Today, however, the export-driven model that recently preserved the fortunes of EM economies may well be what is holding back future growth. Thus far, the success of emerging markets has been predicated on an export-driven model where they assume the role of preferred supplier to the consumer-driven developed nations. This model tends to breakdown when demand from developed economies wanes and EM are left holding massive amounts of unclaimed inventory. With most developed nations heavily embroiled in a debt crisis, the demand for exports from EM has fallen sharply. Furthermore, the overwhelming debt levels in developed economies, coupled with a perception of reduced risk in EM, has caused bond and CDS spreads to tighten between EM and developed nations. Finally, EM local currencies have felt upward pressure as their currency begins to appear stronger in comparison to the developed world. While the improved relative credit worthiness and strength of currency for EM can be considered a success, this success undermines the export-driven model that EM economies have so staunchly adhered to thus far. Perhaps, nothing reveals EM's political commitment to the export-driven model more than their massive accumulation of foreign reserves in attempt to artificially keep local currencies competitive.
With the macro dynamics present today, long-term investment risks relate to EM nations' possible need to shift gears from export-fueled growth towards one driven by domestic consumer discretionary spending. Doing so could require lengthy overhauls of the existing government architecture possibly in the form of entitlement programs, like health care. While many EM may prefer to ride out the storm than undertake such drastic measures, the pressure on EM may mount to a point that they have no choice. In such a scenario, EM government debt issuances would likely rise, in turn take some of the appeal away from an emerging market debt investment.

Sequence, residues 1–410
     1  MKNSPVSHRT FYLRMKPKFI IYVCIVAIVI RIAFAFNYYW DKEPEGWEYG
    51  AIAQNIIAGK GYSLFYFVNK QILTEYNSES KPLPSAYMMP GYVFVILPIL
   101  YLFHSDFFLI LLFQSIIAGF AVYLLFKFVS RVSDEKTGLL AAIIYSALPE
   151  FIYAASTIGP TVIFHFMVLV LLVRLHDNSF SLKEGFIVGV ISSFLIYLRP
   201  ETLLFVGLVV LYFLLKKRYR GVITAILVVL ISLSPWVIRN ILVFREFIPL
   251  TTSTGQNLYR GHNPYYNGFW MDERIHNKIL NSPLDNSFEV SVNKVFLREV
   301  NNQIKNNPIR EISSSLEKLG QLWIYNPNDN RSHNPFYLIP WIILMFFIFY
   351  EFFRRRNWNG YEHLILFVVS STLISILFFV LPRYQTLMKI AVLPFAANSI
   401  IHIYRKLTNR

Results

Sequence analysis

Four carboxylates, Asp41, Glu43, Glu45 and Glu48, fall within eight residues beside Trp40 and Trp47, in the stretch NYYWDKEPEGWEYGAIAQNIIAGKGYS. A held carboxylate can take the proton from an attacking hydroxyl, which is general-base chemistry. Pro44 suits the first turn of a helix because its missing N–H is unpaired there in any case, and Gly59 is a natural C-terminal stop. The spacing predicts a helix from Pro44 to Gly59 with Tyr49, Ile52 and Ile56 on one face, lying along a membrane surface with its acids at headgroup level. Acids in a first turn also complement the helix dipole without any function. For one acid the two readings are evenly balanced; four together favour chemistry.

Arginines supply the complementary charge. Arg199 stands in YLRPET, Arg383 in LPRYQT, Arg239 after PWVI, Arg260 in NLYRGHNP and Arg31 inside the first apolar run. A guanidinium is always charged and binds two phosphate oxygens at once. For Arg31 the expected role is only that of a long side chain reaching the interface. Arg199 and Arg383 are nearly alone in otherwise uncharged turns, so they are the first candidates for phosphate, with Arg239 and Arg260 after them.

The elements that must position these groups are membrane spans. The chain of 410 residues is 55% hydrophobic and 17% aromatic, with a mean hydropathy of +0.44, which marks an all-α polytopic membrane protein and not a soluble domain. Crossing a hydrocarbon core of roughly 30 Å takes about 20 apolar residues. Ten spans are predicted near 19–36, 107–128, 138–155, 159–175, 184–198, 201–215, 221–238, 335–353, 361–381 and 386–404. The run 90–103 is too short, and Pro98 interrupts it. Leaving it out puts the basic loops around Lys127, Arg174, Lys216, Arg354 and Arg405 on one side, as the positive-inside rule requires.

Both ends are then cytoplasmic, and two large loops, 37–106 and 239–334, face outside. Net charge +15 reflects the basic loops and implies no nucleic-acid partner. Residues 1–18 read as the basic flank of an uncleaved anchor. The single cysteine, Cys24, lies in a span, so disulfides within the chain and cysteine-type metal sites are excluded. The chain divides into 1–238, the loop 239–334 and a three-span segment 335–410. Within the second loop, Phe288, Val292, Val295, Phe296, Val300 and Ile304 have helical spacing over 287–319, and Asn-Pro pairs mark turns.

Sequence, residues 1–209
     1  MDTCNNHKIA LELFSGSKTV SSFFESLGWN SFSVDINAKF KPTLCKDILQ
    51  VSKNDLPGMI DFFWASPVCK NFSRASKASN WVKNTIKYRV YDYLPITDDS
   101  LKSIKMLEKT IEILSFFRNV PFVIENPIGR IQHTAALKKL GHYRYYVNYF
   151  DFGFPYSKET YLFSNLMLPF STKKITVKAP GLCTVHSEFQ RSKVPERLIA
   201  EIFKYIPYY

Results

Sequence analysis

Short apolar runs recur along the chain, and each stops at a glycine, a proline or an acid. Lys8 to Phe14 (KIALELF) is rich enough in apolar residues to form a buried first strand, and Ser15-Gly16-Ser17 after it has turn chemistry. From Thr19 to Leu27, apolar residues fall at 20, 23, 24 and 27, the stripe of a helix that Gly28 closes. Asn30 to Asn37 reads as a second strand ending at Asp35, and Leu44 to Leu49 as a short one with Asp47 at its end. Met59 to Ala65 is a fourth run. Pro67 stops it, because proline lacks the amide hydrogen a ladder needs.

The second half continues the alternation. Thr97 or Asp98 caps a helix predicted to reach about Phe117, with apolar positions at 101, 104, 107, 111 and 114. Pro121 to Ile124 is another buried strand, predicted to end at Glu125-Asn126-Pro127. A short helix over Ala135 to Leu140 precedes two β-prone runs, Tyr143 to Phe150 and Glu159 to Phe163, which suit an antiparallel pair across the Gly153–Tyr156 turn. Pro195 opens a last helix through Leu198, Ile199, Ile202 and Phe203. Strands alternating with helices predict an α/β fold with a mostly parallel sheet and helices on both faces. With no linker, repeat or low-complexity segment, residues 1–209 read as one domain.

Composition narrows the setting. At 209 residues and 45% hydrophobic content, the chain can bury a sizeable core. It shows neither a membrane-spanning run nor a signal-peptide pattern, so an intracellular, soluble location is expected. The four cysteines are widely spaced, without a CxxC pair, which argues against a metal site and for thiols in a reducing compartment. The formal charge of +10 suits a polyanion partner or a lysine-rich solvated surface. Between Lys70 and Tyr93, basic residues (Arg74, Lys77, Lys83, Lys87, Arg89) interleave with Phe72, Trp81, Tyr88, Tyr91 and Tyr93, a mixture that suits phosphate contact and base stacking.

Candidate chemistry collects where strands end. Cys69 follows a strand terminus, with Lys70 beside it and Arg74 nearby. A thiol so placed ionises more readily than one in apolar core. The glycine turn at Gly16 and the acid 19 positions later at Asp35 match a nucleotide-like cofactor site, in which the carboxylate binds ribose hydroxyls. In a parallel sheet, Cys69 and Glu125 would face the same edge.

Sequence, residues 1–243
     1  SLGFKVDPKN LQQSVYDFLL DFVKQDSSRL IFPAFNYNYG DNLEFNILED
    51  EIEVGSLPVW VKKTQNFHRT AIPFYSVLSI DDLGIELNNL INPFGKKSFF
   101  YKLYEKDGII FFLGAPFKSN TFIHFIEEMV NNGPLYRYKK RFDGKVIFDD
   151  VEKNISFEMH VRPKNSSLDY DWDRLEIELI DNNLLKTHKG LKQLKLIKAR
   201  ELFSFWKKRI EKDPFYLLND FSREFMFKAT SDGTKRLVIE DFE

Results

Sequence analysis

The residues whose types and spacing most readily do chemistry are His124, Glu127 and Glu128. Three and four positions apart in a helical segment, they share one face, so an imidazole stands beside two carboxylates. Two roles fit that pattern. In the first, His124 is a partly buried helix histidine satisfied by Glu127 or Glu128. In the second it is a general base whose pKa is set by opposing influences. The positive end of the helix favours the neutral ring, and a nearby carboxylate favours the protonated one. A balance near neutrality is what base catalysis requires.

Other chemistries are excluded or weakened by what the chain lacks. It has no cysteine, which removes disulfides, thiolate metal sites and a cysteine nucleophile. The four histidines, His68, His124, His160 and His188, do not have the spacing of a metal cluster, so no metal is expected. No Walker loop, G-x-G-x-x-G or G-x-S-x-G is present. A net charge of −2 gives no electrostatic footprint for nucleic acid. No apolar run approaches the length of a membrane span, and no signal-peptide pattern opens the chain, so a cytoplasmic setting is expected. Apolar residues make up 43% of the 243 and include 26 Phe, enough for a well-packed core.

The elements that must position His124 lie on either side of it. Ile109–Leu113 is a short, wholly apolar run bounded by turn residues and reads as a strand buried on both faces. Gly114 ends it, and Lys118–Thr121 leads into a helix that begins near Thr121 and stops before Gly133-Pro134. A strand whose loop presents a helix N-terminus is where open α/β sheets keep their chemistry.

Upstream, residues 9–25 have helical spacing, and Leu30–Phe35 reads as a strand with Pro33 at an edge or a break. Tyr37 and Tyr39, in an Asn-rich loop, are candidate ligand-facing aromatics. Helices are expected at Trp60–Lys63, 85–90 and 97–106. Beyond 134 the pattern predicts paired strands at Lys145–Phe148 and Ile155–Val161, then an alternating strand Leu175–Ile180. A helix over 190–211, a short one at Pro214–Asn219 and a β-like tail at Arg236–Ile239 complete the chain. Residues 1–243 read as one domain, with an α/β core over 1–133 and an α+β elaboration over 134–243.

Irrespective of the EUR hedge, the index holdings this ETF tracks are almost entirely denominated in USD and so investors will be primarily exposed to interest rate policy as determined by the US Fed. In July, the US Fed maintained its guidance that interest rates will remain near current low levels until mid-2015.
The Deutsche Bank Emerging Markets Liquid Eurobond Euro Hedged Index is produced and disseminated by Deutsche Bank, the parent company of db x-trackers. The purpose of the index is to reflect the composite total return performance of emerging market sovereign and quasi-sovereign debt instruments. The index is hedged in EUR on a monthly basis based on the value of EUR-USD at the end of each month. The total number of issuers included in the index shall not exceed 15 sovereigns from globally-recognised emerging market nations. Only bonds with maturities between 5 years and 30 years can be considered for inclusion, but the index aims to select bonds with maturities closest to 9 years. The bonds must be payable in EUR, GBP, CAD, USD or JPY. In determining index constituents, Deutsche Bank looks at macroeconomic and liquidity factors from the emerging market countries, as well as liquidity, credit rating and maturity of the bonds. Based on the above criteria, DB scores each bond using an in-house methodology to assign constituent weights in order to achieve an index that takes economic reality into account. At the time of this writing, the index’s largest country exposure is to Turkey (9.9%), followed by Russia (8.9%), Brazil (8.6%), and Poland (8.9%). The index’s constituent securities are primarily denominated and pay interest in USD (88%) with the remainder denominated in EUR.